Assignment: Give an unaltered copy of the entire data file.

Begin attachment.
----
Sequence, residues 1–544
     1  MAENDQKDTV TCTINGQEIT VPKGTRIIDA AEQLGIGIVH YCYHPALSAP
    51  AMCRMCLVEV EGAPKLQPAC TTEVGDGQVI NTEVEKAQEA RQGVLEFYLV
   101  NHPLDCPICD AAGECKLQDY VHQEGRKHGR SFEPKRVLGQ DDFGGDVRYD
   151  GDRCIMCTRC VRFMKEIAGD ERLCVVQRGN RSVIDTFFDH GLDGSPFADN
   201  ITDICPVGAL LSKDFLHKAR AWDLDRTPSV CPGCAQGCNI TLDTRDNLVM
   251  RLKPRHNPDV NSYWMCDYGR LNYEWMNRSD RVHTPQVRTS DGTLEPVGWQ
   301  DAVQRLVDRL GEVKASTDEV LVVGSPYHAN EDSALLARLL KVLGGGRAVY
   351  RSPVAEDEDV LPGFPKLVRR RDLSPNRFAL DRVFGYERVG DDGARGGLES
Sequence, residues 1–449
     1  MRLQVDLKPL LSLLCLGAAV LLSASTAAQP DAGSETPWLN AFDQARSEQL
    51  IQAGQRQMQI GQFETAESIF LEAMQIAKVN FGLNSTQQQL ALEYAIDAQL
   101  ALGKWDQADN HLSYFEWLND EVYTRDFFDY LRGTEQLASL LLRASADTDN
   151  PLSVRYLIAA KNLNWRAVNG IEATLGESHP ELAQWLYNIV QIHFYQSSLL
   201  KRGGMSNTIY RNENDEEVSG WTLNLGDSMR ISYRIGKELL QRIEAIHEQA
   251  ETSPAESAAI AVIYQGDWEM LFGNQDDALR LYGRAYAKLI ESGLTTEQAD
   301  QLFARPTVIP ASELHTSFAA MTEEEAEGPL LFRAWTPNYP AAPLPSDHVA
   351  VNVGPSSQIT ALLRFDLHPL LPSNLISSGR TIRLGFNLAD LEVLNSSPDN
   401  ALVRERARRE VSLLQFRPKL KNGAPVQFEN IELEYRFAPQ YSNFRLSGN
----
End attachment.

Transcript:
Sequence, residues 1–544
     1  MAENDQKDTV TCTINGQEIT VPKGTRIIDA AEQLGIGIVH YCYHPALSAP
    51  AMCRMCLVEV EGAPKLQPAC TTEVGDGQVI NTEVEKAQEA RQGVLEFYLV
   101  NHPLDCPICD AAGECKLQDY VHQEGRKHGR SFEPKRVLGQ DDFGGDVRYD
   151  GDRCIMCTRC VRFMKEIAGD ERLCVVQRGN RSVIDTFFDH GLDGSPFADN
   201  ITDICPVGAL LSKDFLHKAR AWDLDRTPSV CPGCAQGCNI TLDTRDNLVM
   251  RLKPRHNPDV NSYWMCDYGR LNYEWMNRSD RVHTPQVRTS DGTLEPVGWQ
   301  DAVQRLVDRL GEVKASTDEV LVVGSPYHAN EDSALLARLL KVLGGGRAVY
   351  RSPVAEDEDV LPGFPKLVRR RDLSPNRFAL DRVFGYERVG DDGARGGLES
Sequence, residues 1–449
     1  MRLQVDLKPL LSLLCLGAAV LLSASTAAQP DAGSETPWLN AFDQARSEQL
    51  IQAGQRQMQI GQFETAESIF LEAMQIAKVN FGLNSTQQQL ALEYAIDAQL
   101  ALGKWDQADN HLSYFEWLND EVYTRDFFDY LRGTEQLASL LLRASADTDN
   151  PLSVRYLIAA KNLNWRAVNG IEATLGESHP ELAQWLYNIV QIHFYQSSLL
   201  KRGGMSNTIY RNENDEEVSG WTLNLGDSMR ISYRIGKELL QRIEAIHEQA
   251  ETSPAESAAI AVIYQGDWEM LFGNQDDALR LYGRAYAKLI ESGLTTEQAD
   301  QLFARPTVIP ASELHTSFAA MTEEEAEGPL LFRAWTPNYP AAPLPSDHVA
   351  VNVGPSSQIT ALLRFDLHPL LPSNLISSGR TIRLGFNLAD LEVLNSSPDN
   401  ALVRERARRE VSLLQFRPKL KNGAPVQFEN IELEYRFAPQ YSNFRLSGN